Under ? third approach suggested for measuring operational risk, b?nks could estimate the probability of default ?nd the severity of the resulting losses for specific kinds of events, such as information technology systems failures. This third approach is sounder in theory but harder to implement, since it requires creating multiyear, detailed loss databases most b?nks don't yet have.

We estimate that under the Basel committee's current proposal, the capital requirements for US b?nks would increase by roughly 20 percent, since there is no net ch?nge in credit-risk capital ?nd the newly introduced operational-risk capital requirement calls for ?nother 20 percent. Unless the credit-risk capital requirements are recalibrated quite sharply downward, ?ny sizable operational-risk charge will in all probability impose ? new capital burden on b?nks, despite the Basel construction's stated intention of not raising overall capital requirements.

We heartily welcome the Basel committee's suggestion that it is considering m?ny other ideas about operational risk. Until ? generally accepted approach for measuring it is developed, we suggest that Basel II's operational-risk framework serve only as ? guideline for b?nks, not as ?n additional capital requirement. Operational risk should instead be monitored in the supervisory-review process, ?n approach that ought to promote ? better assessment of operational risk ?nd prevent unwarr?nted increases in capital charges.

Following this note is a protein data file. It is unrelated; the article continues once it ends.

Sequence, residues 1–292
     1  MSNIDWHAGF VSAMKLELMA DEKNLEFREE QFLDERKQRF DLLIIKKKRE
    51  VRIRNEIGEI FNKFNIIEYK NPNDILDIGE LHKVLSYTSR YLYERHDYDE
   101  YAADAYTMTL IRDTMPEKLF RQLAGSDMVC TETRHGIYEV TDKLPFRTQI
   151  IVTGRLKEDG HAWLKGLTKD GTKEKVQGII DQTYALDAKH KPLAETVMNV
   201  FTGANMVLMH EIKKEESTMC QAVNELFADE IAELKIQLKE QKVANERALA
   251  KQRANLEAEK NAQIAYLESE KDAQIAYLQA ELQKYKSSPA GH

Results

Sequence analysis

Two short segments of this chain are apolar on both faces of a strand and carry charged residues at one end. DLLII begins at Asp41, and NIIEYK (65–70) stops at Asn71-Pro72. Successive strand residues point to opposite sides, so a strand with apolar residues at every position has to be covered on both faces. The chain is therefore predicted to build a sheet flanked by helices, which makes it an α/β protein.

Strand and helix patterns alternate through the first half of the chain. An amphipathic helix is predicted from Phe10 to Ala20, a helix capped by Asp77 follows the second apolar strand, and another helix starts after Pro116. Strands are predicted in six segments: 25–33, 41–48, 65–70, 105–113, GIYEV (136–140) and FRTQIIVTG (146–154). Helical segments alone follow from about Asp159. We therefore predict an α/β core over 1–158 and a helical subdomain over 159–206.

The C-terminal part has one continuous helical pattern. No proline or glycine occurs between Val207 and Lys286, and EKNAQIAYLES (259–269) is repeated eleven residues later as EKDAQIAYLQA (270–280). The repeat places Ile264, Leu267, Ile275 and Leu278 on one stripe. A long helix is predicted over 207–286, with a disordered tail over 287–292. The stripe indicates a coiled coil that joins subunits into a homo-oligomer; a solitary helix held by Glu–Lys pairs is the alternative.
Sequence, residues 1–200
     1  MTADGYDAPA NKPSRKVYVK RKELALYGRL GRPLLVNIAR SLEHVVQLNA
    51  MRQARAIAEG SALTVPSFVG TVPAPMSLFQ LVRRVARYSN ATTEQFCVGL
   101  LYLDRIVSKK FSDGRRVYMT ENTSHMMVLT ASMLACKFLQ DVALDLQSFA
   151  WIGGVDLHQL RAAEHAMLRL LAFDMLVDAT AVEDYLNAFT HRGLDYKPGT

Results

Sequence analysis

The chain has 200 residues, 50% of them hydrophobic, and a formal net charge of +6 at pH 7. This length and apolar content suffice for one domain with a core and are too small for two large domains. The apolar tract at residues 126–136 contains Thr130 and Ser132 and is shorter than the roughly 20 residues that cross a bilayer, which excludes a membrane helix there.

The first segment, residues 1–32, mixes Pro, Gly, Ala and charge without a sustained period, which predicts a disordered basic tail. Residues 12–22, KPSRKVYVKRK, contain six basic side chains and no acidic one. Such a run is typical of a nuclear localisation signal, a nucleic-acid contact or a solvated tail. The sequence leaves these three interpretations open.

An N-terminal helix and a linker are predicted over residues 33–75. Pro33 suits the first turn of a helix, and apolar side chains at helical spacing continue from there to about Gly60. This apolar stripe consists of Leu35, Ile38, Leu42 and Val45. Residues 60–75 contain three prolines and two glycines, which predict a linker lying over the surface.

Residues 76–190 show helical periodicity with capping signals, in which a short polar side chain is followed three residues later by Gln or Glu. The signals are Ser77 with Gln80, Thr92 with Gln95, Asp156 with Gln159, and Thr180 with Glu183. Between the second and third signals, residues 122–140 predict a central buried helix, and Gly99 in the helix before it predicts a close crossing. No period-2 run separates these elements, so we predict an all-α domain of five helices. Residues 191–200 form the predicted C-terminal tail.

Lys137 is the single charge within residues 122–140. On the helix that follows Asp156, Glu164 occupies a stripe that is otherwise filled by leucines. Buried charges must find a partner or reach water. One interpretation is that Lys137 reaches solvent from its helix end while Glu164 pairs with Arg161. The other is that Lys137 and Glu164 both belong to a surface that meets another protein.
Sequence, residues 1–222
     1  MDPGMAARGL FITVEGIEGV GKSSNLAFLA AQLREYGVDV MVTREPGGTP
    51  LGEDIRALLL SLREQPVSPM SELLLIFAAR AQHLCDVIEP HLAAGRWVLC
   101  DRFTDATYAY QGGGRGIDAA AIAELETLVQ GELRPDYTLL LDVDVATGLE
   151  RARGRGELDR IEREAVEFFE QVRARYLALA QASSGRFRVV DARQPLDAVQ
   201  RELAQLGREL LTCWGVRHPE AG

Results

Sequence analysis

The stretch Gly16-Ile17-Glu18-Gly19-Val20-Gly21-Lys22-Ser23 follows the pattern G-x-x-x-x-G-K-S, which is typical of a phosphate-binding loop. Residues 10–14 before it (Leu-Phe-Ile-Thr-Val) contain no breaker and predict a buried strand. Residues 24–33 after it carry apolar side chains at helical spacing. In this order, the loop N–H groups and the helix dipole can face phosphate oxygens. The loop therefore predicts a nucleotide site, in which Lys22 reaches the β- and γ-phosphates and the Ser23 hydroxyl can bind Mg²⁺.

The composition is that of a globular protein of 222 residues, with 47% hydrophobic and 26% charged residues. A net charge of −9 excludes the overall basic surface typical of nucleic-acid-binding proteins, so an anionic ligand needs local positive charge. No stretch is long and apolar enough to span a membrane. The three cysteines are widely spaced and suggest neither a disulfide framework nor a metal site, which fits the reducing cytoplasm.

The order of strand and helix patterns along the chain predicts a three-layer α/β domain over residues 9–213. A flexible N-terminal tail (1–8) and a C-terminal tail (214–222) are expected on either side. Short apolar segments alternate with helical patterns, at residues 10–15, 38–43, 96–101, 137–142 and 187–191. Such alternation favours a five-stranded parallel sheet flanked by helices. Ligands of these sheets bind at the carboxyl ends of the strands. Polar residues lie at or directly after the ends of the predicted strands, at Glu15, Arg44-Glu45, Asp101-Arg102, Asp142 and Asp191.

Getting the timing right

As Basel II now st?nds, m?ny b?nks won't have adequate time to qualify for the IRB approaches, thereby frustrating the committee's intention of promoting better risk m?nagement. The current proposal would require b?nks to have no less th?n two years of experience using ?nd collecting detailed data on internal ratings categories ?nd related credited processes to qualify for these approaches. Given the recent decision to defer the implementation of Basel II to 2005, b?nks will now have until J?nuary 2003 to make their own internal risk-m?nagement practices conform to the Basel II requirements. The truth is even the most sophisticated b?nks will need this time to revise their information technology ?nd risk-m?nagement systems so that they match the IRB criteria.

But m?ny b?nks won't be ready by 2003. After that point, the draft accord states, every additional year's delay will entail the accumulation of ?n extra year of experience, in part to provide ?n incentive for b?nks to get on board early. Consequently, b?nks that w?nt to use ?n IRB approach in 2006, for example, would need three years of data, which they would have to start collecting in 2003. This rising bar will create ? virtual moratorium on b?nks qualifying for IRB from 2006 until 2009, when the experience requirement is capped at five years. We suggest that the committee instead keep the experience requirement at two years until the accord takes effect, in 2005, ?nd then raise the requirement more gradually over time--for inst?nce, by six months each year, to ? maximum of five years. This would allow even those b?nks that miss the initial window to upgrade their risk-m?nagement systems ?nd to qualify more rapidly for the IRB approaches, as intended.

Although the final details of Basel II are still being determined, its broad outlines are already quite clear. The proposed accord is ?n import?nt step forward, but given the far-reaching ?nd long-lasting impact it is sure to have, regulators should summon the energy to address the remaining shortcomings. B?nkers of every stripe are already pl?nning ways to exploit the inconsistencies in the proposed risk weights. Regulators should make the exercise as difficult as possible.